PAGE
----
There are probably more fish in Fermanagh than the rest of Northern Ireland put together. The Erne simply teems with piscine life. In its day it was a salmon fishery to rival any in these islands. The High Court judge TC Kingsmill Moore, author of the 1960 classic, A Man May Fish, described it as a vanished Eden ‘the most perfect of salmon rivers’ before the lower reaches were drowned by the hydro schemes. Last year I met a man who told me that 40lb fish were so common in his youth that anglers would leave them by the roadside for the locals to take home for dinner. The system still gets a decent run of big fish late in the year. They pause below the power station at Cliff, in a stretch about a quarter of a mile long and 100 yards, wide before making their way through the fish pass and into the lakes.

There are a dozen tributaries of which my favourite is the Ballinamallard river which has been made accessible by Northern Ireland’s Department of Culture, Arts and Leisure. Scrub and weeds grow well in Rainland – Ireland’s Mato Grosso.

There are good stocks of wild brown trout in the lower lough which is also managed by DCAL but a shortage of funding threatens the future of a hatchery which helps secure the future of the native strain of brownie. The mayfly hatch in June can be spectacular. Big bugs drop like snowflakes upon whiskey-coloured water from Eagle Point in the west to Muckross Bay on the eastern shore. There are ferox and now and again somebody hooks one of over 20lb. In autumn the first floods bring big lake trout into the streams to spawn. The locals pursue them with hefty spinners and big balls of worms the size of a child’s fist. The sheltered estuary holds good sea trout and can be fished from the shore or by boat.

But I love to wade the little stony rivers that trickle into the lough from all directions including from across the border where no licence is required for brown trout. Most of these are seldom fished. In summer every pool has a stock of greedy little brownies which are heroic fighters on a two-weight fly rod. You will catch them a dozen to the hour.

It was during a day’s ‘ditch crawling’ with my Bolton-born buddy Geoff Lomax that we encountered an international legal conundrum which can only be found in this part of the world.

“Lankie born and Lankie bred,” Geoff describes himself before adding “strong in arm and thick in head.” We waded down the Waterfoot River, which forms the boundary between the United Kingdom of Great Britain and Northern Ireland and the Republic of Ireland, just a few miles from Pettigo in County Donegal on the old Barton Estate. The Barton family, also from Lancashire, were granted the land after fighting in Ireland alongside the Earl of Essex in 1599. The estate on the shores of Lough Erne was the scene of the last military action to be fought in the UK in June 1922. The engagement, during the Irish Civil War, began with snipers and machine gun fire and ended with heavy artillery, an amphibious landing and a running battle over hedges and streams that left around 40 dead including civilians.

It was on this forgotten battlefield that Geoff hooked a trout while standing on the Republic’s side of the stream. He was forced to step into the UK to get the landing net under a playful little trout of around a half pound. “If I didn’t have a Northern Ireland licence,” he asked “Would I have committed an offence?” I put the poser to my learned friend Stephen McCourt, a senior prosecutor with the Northern Ireland Public Prosecution Service, and a sharp and experienced legal mind whose job is to assess if the evidence merits a prosecution. “Hmmm …” he scratched his head and pondered deeply, and replied. “One for the European courts, I fear.”

 

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Bad water: Flood warning, Boa Island, Co Fermanagh. (click to enlarge)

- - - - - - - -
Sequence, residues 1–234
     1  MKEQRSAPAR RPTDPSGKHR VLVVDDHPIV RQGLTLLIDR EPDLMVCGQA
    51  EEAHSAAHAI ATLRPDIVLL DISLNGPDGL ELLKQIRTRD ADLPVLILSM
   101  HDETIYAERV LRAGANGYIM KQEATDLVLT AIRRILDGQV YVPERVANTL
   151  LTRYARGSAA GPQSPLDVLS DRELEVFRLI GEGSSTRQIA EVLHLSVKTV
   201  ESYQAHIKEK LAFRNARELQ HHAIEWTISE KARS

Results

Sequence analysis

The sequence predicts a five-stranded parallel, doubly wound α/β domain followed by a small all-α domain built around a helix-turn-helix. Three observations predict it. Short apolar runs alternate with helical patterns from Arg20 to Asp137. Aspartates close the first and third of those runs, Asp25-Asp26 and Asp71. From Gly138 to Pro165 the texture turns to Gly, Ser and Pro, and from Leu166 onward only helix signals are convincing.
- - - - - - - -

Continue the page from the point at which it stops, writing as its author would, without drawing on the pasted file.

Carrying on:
Lower Lough Erne is currently designated a game fishery and DCAL proposals to end this status have local anglers up in arms for the majority are passionate game fishers. This is a tradition that stretches back generations. The first Northern Ireland Prime Minister from Rainland was Sir Basil Brooke. His diary for 1943 records: “On May 1, over lunch at Government House, the governor invited me to form a cabinet.” Immediately he returned to his estate at Colebrooke and ‘caught a trout of 1lb 6oz at the narrows.’

The coarse fishing on the upper lake is regarded as the best in Europe and produces huge bag weights of perch, eels, roach, rudd, bream and hybrids. The Irish record for perch stands at 5lb 8oz. It was caught on upper lough Erne in 1946. Big pike lurk in the reedy bays, sluggish river sections and beneath the pontoons at the many marinas that are dotted around the lough shores. Fish of 20lb are common and a few Rainlanders know where the really big ones are to be found. Occasionally a tourist chances upon one.

In 2009 Harry Stevens from Downpatrick landed a pike of 46lbs while fishing on the river Erne just outside Enniskillen. Unfortunately the £10 set of scales that he purchased from Argos were not deemed fitting by the Irish Specimen Fish Committee or he could have claimed the Irish record. The rules state: Fish must be weighed in the presence of independent, reliable witnesses on properly certified scales, for example a shop scales or an official club scales which is covered by a certificate from the Weights and Measures Officer. “It took 30 minutes to land and broke the wire trace. I had to get into the water to lift it,” said Harry. “I was exhausted and shaking like a leaf by the time we released it,” he told the Belfast Telegraph.

The highlight of the angling year is the Fermanagh Classic competition which takes place in May. It attracts up to 250 anglers from Britain and Europe. Stuart Northrop from St Neots, won the 40th anniversary classic in 2015 with a catch over three days of 44kgs 60gms. His 27kgs 960gms catch from the Portora section on the final day earned him a cheque for £5,000 and the classic chalice. There is a classic for pikers in October. In 2015 Frank Donnan from Belfast won the top prize of £2,000 with a fish of 17lb 8oz caught while boat fishing. Kevin Raleigh from Westmeath won the bank competition with a pike of 16lb 5oz. He also banked a cheque for £1,000.

For both events Rainland’s weather was extraordinarily kind. Anglers were forced to endure only four types of rain. They were lucky enough to escape the stair-rods.

 

September 3, 2016 / by / in